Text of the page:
Georgians having problems getting into the VA health care system can turn to the state Department of Veterans Service for assistance in receiving benefits under the “vast, frequently changing, and complex framework” of federal laws, the agency said in a news release.
The department works with the VA to help Georgia veterans receive free personal assistance in filing for benefits and other earned entitlements at any of its 50 field offices statewide, including those at the Georgia War Veterans Nursing Home in Augusta and the Burke County Office Park in Waynesboro.
“We exist to serve those who have served,” Georgia Veterans Service Commissioner Pete Wheeler said in the release. “Our job is to explain in detail federal and state benefits and, if entitled, assist veterans and their dependents in obtaining them. We have certified, experienced personnel whose mission is to do just that – advise and assist veterans, their dependents, and survivors.”
The department said each claim submitted is processed by VA and answered with an explanation of its approval or denial. The state Veterans Service Claims and Appeals Division, in the VA Regional Office Building in Decatur, monitors claims filed and, when needed, assists with the preparation and presentation of appeals.
Atlanta program specialist Scott Davis testified before the House Committee on Veterans Affairs last week that benefit applications for more than 10,000 veterans may have been improperly purged from the Health Eligibility Center’s national database in DeKalb County.
The center doesn’t process all applications, but helps manage the national enrollment computer system and offers enrollment guidance for veteran hospitals nationwide, including the Charlie Norwood VA Medical Center in Augusta.
Wheeler urged all Georgia veterans, regardless of when or where they served, to visit a state field office for information concerning possible eligibility for earned federal and state benefits and assistance in applying for them. He emphasized that no veterans benefit is awarded automatically – all must be applied for.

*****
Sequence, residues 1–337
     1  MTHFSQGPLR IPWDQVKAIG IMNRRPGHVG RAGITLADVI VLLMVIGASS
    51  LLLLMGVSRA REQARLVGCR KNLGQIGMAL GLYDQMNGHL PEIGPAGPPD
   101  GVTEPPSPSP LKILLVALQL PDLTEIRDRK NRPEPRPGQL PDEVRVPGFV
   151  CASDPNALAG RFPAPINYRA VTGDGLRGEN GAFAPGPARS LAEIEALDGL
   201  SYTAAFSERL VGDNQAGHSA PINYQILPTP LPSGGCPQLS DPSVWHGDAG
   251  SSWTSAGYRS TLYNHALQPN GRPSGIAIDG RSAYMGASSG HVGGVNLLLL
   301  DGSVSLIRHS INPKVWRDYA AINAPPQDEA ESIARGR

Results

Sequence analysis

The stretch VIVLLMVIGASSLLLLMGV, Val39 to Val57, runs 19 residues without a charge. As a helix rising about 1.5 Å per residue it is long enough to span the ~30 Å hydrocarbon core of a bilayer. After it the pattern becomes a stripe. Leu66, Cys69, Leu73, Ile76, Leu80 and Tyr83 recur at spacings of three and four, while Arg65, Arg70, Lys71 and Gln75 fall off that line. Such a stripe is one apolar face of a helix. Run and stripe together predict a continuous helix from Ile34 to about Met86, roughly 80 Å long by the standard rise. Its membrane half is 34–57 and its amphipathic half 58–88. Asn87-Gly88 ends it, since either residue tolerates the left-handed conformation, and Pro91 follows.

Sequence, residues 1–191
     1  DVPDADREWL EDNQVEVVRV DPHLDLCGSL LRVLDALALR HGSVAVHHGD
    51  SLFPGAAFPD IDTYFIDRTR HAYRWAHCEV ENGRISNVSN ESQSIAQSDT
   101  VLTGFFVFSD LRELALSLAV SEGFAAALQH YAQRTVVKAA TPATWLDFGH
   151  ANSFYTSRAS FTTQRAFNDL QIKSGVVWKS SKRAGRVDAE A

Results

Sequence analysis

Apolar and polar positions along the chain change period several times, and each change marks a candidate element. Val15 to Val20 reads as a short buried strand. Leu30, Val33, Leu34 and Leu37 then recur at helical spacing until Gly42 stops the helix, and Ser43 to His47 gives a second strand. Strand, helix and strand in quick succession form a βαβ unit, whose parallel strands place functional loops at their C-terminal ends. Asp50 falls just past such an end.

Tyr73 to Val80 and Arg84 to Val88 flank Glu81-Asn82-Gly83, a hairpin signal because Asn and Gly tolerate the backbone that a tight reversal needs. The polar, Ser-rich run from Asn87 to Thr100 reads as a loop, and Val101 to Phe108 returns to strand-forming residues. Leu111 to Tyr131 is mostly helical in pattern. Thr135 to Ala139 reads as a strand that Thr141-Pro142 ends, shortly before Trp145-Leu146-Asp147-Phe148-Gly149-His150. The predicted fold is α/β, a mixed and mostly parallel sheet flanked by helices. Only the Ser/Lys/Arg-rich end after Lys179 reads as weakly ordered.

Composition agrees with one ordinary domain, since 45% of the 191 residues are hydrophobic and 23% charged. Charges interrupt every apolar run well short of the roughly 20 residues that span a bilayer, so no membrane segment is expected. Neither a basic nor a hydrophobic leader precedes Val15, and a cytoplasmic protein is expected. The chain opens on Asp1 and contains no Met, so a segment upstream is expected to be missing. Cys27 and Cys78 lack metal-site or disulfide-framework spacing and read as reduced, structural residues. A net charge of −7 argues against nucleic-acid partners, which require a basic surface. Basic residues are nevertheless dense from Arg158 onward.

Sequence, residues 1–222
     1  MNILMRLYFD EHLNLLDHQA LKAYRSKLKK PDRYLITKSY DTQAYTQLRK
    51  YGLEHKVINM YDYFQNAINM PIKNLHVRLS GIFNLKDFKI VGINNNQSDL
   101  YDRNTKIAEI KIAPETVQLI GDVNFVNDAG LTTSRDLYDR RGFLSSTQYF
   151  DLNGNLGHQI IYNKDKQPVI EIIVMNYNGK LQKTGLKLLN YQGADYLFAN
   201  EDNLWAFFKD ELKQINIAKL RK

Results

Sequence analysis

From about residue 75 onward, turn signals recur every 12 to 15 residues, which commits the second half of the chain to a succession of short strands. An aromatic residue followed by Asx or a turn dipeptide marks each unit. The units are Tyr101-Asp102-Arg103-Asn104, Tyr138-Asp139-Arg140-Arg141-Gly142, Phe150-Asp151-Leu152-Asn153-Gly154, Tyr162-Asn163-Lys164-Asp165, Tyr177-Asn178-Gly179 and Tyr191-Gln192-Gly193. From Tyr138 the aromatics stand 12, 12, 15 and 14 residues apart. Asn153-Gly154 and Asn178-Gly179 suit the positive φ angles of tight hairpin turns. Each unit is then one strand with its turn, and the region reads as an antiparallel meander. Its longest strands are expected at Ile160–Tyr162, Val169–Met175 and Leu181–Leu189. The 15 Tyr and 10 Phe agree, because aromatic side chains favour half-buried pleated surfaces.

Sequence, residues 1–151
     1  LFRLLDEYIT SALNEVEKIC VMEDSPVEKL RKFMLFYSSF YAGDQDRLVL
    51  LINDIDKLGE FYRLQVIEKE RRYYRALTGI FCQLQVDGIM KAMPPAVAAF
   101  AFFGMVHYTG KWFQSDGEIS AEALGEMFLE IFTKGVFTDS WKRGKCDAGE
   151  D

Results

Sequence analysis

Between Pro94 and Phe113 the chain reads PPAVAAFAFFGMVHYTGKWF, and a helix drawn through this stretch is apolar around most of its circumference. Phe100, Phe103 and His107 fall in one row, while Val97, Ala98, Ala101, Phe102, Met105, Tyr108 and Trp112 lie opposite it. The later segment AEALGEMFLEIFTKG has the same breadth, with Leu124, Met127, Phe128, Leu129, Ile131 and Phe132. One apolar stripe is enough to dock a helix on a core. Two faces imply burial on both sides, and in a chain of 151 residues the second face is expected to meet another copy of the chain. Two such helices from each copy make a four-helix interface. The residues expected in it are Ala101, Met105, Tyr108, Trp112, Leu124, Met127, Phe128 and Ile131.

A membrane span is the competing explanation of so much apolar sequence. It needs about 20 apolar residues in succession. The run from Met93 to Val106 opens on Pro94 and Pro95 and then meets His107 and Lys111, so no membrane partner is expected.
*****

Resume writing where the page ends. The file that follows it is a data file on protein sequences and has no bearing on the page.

“The VA pays a veteran exactly what he or she is entitled to by the law, and no more,” he said. “Our ultimate goal is to ensure Georgia veterans and their dependents receive all earned benefits to which they are entitled.”
Iraq and Afghanistan Veterans of America, the largest nonprofit organization for post-9/11 veterans and their families, also announced they plan to use new data and mobile tools to improve services and shed light on VA issues, such as long wait times for health care and other benefits.
The organization announced this week the John S. and James L. Knight Foundation is providing $500,000 to support the production of its “Community of Veterans,” a social media platform that will provide access to resources such as counseling services and interactive benefit guides. A mobile version of the initiative will also be built.
“Our vets, like the ones that came before us, are worthy of this investment,” said Paul Rieckhoff, IAVA’s CEO and founder, in the announcement. “This new plan is integral to revealing these issues to the American public and helping vets find solutions. It will make things better for our community. We hope more organizations and people will join in to support this work.”
Funding will also go towards expanding a Web site (thewaitwecarry.org) the group launched in June 2013 to let veterans tell their story about claims and share data about the yearlong wait times they faced for a disability rating.
After a year of public pressure and work, the VA backlog now stands at 267,000 claims, down almost 50 percent from last year.
“IAVA is leveraging public information and data to solve real-world problems,” said Michael Maness, Knight Foundation vice president for journalism and media innovation. “The tools and insights developed through this project can be shared with people using data and technology to inform their communities. In this way we can increase public awareness and understanding of a range of issues and encourage more civic engagement.”